Courtesy was not being beamed back to the good Sergeant from Bill, nor respect for the authority of the law.

Bill could be fiery and he had the broken nose scars to prove it.  ‘And I don’t need your bloody help, SIR’, mouthed Bill defiantly.

‘OY Andy!’, yelled Sergeant Eiser and the next thing Bill knew, he was lying over the bonnet of the ute, with his arm up his back in a half-nelson.  Bill was in Constable Andy Stagg’s vice-like grip and he wasn’t going anywhere.  Andy had been quietly waiting around the corner, just in case the matter proved troublesome and was there in a flash when called on.

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Police in uniform in Brisbane around 1949. The Tambo Police Sergeant and Constable Andy would have been dressed similarly to the officers in the middle on the picture. Picture from thetannykid in flickr.

 

With Bill now more cooperative, Sergeant Eiser checked Lynda’s napkin.  Fortunately for Bill, he had recently changed it and it was dry.

Now the lecture began in earnest.  And Bill just had to cop it thanks to Andy.

‘I should put you in the lockup and the only reason I’m not, is that we don’t have a place for those children.’ the Sergeant lectured.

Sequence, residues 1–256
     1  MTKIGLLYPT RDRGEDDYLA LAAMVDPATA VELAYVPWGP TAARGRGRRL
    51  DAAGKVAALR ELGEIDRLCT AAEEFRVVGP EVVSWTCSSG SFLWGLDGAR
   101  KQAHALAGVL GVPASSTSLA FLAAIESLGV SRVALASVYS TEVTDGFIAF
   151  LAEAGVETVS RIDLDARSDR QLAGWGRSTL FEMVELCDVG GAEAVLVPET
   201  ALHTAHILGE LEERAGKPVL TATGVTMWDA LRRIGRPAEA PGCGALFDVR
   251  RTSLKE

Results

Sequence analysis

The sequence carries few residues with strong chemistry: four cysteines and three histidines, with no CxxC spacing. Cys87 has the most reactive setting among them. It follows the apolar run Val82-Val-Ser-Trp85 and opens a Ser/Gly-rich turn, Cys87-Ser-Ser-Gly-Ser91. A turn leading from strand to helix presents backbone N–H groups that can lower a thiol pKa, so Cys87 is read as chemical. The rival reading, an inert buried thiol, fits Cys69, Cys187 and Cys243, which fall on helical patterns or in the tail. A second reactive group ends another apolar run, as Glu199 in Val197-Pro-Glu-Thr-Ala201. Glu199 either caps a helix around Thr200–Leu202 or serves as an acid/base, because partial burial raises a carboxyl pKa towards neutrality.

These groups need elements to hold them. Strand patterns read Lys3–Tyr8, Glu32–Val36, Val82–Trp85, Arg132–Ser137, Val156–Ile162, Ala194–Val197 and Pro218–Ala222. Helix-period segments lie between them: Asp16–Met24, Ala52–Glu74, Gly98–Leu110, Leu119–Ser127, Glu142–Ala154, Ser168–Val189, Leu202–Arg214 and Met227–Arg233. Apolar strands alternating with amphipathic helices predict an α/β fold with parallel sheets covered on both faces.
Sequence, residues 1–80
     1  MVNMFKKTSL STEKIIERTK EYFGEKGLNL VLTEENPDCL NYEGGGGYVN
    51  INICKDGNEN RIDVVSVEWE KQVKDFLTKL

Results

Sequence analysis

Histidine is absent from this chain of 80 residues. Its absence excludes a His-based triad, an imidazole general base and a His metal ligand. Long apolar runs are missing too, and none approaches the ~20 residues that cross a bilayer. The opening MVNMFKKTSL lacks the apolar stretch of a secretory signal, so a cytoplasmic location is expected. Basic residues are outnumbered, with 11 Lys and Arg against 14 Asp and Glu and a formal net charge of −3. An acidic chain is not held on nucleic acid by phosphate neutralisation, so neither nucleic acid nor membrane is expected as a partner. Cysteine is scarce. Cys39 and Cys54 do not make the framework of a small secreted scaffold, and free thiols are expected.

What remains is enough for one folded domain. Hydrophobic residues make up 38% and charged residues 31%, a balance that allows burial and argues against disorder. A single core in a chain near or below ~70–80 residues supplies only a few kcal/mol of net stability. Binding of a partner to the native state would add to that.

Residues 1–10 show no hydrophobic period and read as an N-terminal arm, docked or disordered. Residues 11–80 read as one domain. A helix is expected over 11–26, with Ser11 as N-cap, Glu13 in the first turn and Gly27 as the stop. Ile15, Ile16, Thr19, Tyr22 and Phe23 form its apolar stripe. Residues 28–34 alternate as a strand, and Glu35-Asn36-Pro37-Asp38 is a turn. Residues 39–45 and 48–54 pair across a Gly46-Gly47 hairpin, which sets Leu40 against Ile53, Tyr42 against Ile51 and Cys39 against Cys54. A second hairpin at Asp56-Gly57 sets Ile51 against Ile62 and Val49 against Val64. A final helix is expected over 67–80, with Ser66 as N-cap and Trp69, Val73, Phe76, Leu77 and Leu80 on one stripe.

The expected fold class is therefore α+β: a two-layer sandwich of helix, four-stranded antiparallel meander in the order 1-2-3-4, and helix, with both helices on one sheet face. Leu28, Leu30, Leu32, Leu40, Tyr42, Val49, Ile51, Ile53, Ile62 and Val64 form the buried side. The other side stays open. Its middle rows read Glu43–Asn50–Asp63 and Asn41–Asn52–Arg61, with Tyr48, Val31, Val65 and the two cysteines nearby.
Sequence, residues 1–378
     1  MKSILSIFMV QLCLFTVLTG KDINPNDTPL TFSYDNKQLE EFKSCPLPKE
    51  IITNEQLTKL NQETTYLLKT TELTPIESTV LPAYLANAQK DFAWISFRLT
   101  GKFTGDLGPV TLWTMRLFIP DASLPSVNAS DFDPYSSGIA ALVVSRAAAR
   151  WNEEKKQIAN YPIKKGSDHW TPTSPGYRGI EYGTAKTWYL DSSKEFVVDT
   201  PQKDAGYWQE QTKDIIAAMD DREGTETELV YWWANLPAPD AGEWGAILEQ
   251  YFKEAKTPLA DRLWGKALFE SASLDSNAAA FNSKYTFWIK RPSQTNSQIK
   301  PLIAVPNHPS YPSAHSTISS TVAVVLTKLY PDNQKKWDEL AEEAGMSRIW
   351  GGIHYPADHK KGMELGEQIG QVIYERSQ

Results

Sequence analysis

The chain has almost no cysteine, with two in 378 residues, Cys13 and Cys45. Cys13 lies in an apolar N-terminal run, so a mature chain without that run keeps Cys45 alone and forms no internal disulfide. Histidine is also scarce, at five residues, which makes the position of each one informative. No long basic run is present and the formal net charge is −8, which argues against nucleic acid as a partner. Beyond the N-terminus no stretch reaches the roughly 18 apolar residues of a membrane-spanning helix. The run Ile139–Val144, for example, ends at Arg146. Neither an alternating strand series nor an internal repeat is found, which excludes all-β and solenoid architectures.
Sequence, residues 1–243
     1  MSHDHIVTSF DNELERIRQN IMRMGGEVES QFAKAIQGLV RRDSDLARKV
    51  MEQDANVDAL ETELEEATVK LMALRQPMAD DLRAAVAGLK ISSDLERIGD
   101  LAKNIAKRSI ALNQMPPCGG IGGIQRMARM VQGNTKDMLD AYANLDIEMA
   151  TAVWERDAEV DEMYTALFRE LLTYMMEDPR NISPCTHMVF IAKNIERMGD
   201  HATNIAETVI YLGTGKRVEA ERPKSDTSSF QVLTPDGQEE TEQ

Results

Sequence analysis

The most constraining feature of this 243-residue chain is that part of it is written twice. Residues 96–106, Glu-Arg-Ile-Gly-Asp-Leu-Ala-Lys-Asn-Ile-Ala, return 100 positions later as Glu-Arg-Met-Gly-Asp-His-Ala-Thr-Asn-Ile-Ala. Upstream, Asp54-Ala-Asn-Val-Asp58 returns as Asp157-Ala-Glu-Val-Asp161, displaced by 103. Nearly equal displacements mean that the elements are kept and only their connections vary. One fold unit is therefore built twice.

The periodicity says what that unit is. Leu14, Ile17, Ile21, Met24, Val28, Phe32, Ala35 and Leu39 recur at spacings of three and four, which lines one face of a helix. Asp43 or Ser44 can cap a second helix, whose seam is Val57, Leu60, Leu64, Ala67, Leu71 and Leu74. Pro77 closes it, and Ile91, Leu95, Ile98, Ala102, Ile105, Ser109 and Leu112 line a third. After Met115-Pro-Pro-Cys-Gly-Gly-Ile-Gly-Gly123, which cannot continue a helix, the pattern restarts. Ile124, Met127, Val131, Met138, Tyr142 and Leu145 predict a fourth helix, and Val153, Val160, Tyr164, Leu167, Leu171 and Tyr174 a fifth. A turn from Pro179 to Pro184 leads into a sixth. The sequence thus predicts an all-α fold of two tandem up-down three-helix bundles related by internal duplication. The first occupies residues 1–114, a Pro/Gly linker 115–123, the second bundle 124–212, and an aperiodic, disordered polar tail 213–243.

‘Now you – get home – right now!!’, he ordered.

‘And don’t forget, we’re watching you!’, he warned.

Shaken and subdued, Bill got into the ute and hightailed it for the Oil Rig.

 

 

On the way home, he hit a big boer pig and stoved in the mudguard of the ute as he rammed it into the bank of a cutting.

He bragged about ramming the pig for years but not so much the rest of the story.

(**Editor – The source of this story is Bill himself.  He had the ability to laugh at himself.  He could have taken this story to his grave because no-one present at the incident was seen again after 1958, but he revealed this and a few others interesting tales that are part of who he was.)

 

 

 

 

 

Familiarity in Changed Places

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Val drove into Tambo, a little anxious, anticipating the changes wrought by bitumen roads, paved streets and modernisation, but really hoping for the familiar to manifest itself.

It was 55 years since Bill had wallowed into town first the first time at the wheel of the Plymouth Belvedere in June, 1957. Bill had come to take up a job as a roughneck at ODE’s Oil Rig, 25 miles out along the Tambo-Alpha Road.

The Land-Rover was an absolute money pit and the trailer proved too lights for the rigours of Heartbreak Corner

The Land-Rover was an absolute money pit and the trailer proved too lights for the rigours of Heartbreak Corner

It was 54 years since Val had trundled out of town at the wheel of a 1940’s Land-Rover towards a Channel Country thirsting in the clutches of drought. That was in April, 1958.

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Welcome to Tambo sign. Tambo is on the banks of the Barcoo and takes its name from the aboriginal word for ‘hidden place’.

We drove past the Welcome to Tambo sign and did a quick reconnoitre seeking places of the past looking for a connection with the present. Feeling welcome, yes, but wondering what it would be like to visit the places of the distant past.

General Store Tambo